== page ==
Chapter 27 Study Packet
Overview- The Islamic Empires
Three powerful Islamic empires emerged in India and southwest Asia after the fifteenth century.
Beginning with the fall of Constantinople to the Ottoman Turks in 1453, Turkish warriors and charismatic
leaders established first the Ottoman empire, then the Safavid dynasty in Persia (1502), and finally the
Mughal dynasty in India (1526). Three distinct empires emerged with different cultures and traditions. Yet
there are some striking similarities, including the following:
Autocratic rule. All three empires began as military states in which all power and prestige centered
on the person of the ruler. All three were plagued by problems of succession from one ruler to the
Islamic faith. All three empires embraced Islam. Sizeable Christian minorities in the Ottoman
empire and a large Hindu majority in India forced those rulers to craft policies of religious
toleration. The Safavid dynasty followed the Shia sect of Islam, which brought them into conflict
with their Sunni Ottoman neighbors.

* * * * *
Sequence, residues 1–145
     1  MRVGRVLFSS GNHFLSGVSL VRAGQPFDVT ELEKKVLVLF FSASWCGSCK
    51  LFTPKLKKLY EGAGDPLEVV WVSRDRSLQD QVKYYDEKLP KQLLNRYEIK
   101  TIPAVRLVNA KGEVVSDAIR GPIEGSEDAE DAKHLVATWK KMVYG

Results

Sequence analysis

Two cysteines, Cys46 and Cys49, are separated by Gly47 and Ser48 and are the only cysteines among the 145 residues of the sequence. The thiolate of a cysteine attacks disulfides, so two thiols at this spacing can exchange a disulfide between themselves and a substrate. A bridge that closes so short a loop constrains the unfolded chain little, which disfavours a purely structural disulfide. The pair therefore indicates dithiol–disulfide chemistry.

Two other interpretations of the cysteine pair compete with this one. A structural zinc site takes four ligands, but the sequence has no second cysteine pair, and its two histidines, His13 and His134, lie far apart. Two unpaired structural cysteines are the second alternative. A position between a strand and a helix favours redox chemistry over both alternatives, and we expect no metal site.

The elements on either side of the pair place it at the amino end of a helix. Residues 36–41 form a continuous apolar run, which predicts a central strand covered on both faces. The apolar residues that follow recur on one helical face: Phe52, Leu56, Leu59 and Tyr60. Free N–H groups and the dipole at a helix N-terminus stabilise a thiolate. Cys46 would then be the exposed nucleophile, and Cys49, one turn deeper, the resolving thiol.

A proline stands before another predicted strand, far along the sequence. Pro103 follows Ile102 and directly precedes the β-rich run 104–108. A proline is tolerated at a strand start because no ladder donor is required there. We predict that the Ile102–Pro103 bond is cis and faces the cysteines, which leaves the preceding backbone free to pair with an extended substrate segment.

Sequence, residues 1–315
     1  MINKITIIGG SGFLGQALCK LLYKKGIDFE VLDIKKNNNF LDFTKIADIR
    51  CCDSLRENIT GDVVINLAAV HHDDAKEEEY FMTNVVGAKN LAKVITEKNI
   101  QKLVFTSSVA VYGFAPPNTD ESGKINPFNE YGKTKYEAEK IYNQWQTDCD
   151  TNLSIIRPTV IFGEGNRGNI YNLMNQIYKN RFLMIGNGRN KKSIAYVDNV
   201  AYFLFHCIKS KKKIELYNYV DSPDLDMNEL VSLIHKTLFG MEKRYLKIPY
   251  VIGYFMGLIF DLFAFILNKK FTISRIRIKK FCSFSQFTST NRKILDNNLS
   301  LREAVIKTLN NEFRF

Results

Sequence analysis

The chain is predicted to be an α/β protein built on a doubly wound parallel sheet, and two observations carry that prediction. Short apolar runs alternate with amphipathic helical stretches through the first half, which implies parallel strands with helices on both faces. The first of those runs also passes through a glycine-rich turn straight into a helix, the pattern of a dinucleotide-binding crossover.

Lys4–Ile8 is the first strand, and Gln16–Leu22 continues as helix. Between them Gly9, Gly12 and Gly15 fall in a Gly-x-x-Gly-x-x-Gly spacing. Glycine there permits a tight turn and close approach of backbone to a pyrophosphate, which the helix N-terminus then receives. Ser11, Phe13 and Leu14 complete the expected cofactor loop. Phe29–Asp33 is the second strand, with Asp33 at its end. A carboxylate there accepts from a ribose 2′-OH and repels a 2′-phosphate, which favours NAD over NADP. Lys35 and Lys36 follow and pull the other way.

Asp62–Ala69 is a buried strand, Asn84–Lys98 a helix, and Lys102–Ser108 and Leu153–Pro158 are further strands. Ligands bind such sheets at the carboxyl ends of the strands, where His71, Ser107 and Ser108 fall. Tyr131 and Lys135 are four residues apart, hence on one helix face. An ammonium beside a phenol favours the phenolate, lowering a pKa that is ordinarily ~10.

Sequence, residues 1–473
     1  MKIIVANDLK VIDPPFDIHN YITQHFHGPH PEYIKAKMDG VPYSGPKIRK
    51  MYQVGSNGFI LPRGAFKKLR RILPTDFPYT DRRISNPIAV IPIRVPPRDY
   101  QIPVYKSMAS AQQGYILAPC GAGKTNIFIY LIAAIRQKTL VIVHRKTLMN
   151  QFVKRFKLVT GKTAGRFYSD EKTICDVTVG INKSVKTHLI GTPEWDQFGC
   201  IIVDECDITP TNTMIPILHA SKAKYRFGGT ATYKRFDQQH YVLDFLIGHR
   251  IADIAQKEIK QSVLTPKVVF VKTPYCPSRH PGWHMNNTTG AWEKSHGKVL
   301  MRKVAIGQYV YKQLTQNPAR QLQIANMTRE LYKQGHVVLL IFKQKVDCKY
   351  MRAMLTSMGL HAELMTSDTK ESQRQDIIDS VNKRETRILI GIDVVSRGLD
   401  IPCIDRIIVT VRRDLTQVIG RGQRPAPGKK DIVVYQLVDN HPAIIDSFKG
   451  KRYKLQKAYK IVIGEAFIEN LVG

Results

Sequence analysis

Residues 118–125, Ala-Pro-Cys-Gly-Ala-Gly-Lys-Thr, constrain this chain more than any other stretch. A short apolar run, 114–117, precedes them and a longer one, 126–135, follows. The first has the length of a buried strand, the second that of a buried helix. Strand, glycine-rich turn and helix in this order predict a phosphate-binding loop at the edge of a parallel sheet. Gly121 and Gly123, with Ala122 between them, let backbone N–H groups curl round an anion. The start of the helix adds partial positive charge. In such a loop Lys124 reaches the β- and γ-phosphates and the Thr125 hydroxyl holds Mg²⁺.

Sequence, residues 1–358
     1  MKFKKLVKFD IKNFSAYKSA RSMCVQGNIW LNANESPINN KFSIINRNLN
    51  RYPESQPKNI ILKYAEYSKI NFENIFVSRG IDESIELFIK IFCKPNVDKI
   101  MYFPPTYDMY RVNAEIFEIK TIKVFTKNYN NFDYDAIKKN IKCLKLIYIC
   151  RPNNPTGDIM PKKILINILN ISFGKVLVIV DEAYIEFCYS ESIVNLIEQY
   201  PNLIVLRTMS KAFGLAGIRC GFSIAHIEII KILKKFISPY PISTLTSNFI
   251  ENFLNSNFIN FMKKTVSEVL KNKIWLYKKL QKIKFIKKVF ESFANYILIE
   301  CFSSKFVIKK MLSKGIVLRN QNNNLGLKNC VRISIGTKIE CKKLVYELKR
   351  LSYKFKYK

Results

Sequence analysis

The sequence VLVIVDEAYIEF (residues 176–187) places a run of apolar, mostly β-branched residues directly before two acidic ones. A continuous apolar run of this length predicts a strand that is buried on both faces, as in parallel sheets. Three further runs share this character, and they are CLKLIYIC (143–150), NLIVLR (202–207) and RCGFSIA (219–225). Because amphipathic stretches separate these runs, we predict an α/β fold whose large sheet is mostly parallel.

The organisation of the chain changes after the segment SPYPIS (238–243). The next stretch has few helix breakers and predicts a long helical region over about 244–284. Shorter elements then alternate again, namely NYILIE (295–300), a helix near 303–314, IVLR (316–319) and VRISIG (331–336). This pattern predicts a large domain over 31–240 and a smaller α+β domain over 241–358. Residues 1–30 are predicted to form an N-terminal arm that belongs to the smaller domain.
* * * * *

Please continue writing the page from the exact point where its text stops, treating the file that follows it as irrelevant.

Inward-looking policies. Although all three Islamic states maintained power through the military,
neither the Safavid nor the Mughal dynasties developed a navy or a merchant fleet. Military
resources were concentrated on defending inland borders. The Ottoman did have a powerful navy
at one time, but by the eighteenth century, Ottoman armaments were outmoded and usually of
Agricultural economies. Agriculture was the basis of the Islamic empires, and the majority of the
population was engaged in raising and processing food. In the seventeenth and eighteenth
centuries, the Ottoman and Safavid populations grew slowly; the population in India grew more
Ambivalence toward foreign trade. All three empires existed along important historic trade routes
and derived benefit from their locations. The Safavids actively encouraged foreign trade.
However, none of the three states sent merchants abroad or encouraged new industries.